On some level, HPA’s capstone program has always been about the unknown. Launched in 2015-16, the first capstone courses were designed to help students prepare for a complicated future full of demands and possibilities we can’t imagine today. To reach this goal, the HPA Strategic Plan called for a comprehensive K-12 capstone program, complete with independent projects for all fifth, eighth, and twelfth graders, to be implemented by 2019-20.
Enter the COVID-19 pandemic. Over the past two years, HPA’s capstone program has proven itself to be a place of celebration and self-discovery for HPA students at a time when the larger world felt full of loss and uncertainty. Now in its third year of full-fledged operation, the program continues to empower students to find their gifts — and to use them for the greater good of neighbors, community, and the planet.
Beauty standards do not focus only on skin color. They attack size, body, shape, and so many other features. … Through my art I want to join the ongoing fight against colorism and toxic beauty standards.
Seeds of discovery
At HPA, independent-minded students have found academic freedom and faculty support to pursue passion projects for several decades now. Whether studying coqui frog DNA with Stephanie McDowell, set design with Jared Terpak, or independent science research with Bill Wiecking, students throughout the early 2000s found ample opportunities to propose independent projects and deepen their personal interests.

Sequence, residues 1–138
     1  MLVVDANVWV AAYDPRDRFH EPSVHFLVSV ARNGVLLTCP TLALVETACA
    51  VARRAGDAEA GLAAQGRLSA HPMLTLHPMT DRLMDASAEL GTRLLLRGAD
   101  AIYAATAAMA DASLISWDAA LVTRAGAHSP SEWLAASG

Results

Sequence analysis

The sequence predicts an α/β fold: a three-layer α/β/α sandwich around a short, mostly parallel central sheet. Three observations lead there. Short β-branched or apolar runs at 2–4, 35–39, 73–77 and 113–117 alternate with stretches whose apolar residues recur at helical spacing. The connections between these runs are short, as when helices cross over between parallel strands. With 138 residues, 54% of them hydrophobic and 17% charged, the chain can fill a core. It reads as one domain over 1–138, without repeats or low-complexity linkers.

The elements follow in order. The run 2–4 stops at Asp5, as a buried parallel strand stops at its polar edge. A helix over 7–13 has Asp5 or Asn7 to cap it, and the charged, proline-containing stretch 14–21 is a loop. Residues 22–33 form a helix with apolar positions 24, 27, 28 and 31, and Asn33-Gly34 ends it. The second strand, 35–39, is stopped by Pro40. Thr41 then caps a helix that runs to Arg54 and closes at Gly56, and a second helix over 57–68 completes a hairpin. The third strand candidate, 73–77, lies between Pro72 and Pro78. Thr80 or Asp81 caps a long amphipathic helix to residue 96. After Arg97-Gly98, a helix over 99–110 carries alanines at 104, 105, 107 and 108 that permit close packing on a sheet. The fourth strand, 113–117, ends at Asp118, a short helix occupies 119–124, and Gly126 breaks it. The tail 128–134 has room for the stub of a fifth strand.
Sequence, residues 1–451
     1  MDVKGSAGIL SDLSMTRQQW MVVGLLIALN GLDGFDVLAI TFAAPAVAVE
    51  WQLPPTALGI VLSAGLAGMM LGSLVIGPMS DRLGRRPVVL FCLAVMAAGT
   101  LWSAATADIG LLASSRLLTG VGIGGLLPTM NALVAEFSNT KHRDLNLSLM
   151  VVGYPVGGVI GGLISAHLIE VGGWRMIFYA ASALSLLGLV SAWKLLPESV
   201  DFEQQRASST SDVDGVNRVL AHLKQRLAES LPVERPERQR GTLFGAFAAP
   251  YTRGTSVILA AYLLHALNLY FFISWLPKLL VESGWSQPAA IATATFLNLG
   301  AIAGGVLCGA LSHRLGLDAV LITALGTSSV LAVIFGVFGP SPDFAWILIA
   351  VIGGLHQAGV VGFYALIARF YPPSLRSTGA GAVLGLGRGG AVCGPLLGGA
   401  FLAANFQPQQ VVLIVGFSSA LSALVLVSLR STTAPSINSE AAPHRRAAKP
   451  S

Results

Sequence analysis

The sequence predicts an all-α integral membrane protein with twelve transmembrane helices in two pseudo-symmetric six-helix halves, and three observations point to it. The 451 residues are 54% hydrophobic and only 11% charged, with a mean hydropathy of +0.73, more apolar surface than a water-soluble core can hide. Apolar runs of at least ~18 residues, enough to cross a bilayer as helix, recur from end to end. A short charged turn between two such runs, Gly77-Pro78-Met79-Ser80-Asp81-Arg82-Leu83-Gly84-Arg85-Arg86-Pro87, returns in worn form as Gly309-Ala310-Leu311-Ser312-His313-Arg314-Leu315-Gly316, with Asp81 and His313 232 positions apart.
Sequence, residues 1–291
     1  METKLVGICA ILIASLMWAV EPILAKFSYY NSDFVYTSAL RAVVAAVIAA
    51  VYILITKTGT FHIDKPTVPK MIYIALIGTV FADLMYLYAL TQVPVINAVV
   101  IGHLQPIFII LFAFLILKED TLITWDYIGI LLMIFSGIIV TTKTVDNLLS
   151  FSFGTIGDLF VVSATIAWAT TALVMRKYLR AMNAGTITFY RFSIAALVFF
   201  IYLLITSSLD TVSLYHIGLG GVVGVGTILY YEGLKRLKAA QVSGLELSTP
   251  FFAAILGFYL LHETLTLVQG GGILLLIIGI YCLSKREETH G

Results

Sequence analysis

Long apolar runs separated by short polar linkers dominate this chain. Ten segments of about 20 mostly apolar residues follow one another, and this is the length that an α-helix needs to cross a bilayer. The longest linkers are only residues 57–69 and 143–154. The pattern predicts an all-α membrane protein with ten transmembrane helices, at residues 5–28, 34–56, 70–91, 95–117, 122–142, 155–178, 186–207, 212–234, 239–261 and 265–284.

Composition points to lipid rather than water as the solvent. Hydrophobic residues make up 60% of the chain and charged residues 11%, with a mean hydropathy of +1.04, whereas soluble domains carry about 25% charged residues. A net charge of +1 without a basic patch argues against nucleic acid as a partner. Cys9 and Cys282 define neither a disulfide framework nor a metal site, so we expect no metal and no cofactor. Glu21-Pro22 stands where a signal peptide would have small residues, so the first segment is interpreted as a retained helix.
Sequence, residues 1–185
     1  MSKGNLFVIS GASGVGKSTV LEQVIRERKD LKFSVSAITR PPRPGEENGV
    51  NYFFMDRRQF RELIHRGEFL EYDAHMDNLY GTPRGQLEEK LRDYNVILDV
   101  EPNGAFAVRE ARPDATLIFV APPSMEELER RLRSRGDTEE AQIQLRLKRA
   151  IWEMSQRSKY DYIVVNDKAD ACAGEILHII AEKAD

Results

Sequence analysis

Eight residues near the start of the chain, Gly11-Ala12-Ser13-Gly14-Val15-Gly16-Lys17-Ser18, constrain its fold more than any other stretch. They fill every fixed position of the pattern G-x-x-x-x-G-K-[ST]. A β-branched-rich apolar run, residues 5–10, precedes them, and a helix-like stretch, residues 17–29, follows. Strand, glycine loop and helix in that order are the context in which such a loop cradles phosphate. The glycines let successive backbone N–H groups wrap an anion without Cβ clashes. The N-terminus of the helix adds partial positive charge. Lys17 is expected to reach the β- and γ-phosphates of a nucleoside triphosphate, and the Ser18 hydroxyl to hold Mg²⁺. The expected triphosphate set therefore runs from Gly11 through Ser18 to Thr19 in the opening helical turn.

In 2014, under the aegis of HPA’s emerging strategic plan, the school began to formulate a more cohesive vision to ensure innovative academic preparation for all HPA students. Martin Ferrell, then dean of academics, and other faculty leaders established a project-based learning approach alongside HPA’s classic college-preparatory program. Nearly 10 years later, this hybrid model remains central to HPA’s mission.
Interim Head of School Fred Wawner, who was part of the strategic plan leadership team, describes it this way: “We wanted to combine the best of traditional study with a student-driven, inquiry-based approach that asks students to put their knowledge into action. Squarely in the driver’s seat, students learn to define a problem, frame questions, adapt to challenges, and eventually present their own unique solutions or creative projects. It’s absolutely amazing to watch our students grow as they move through the process.”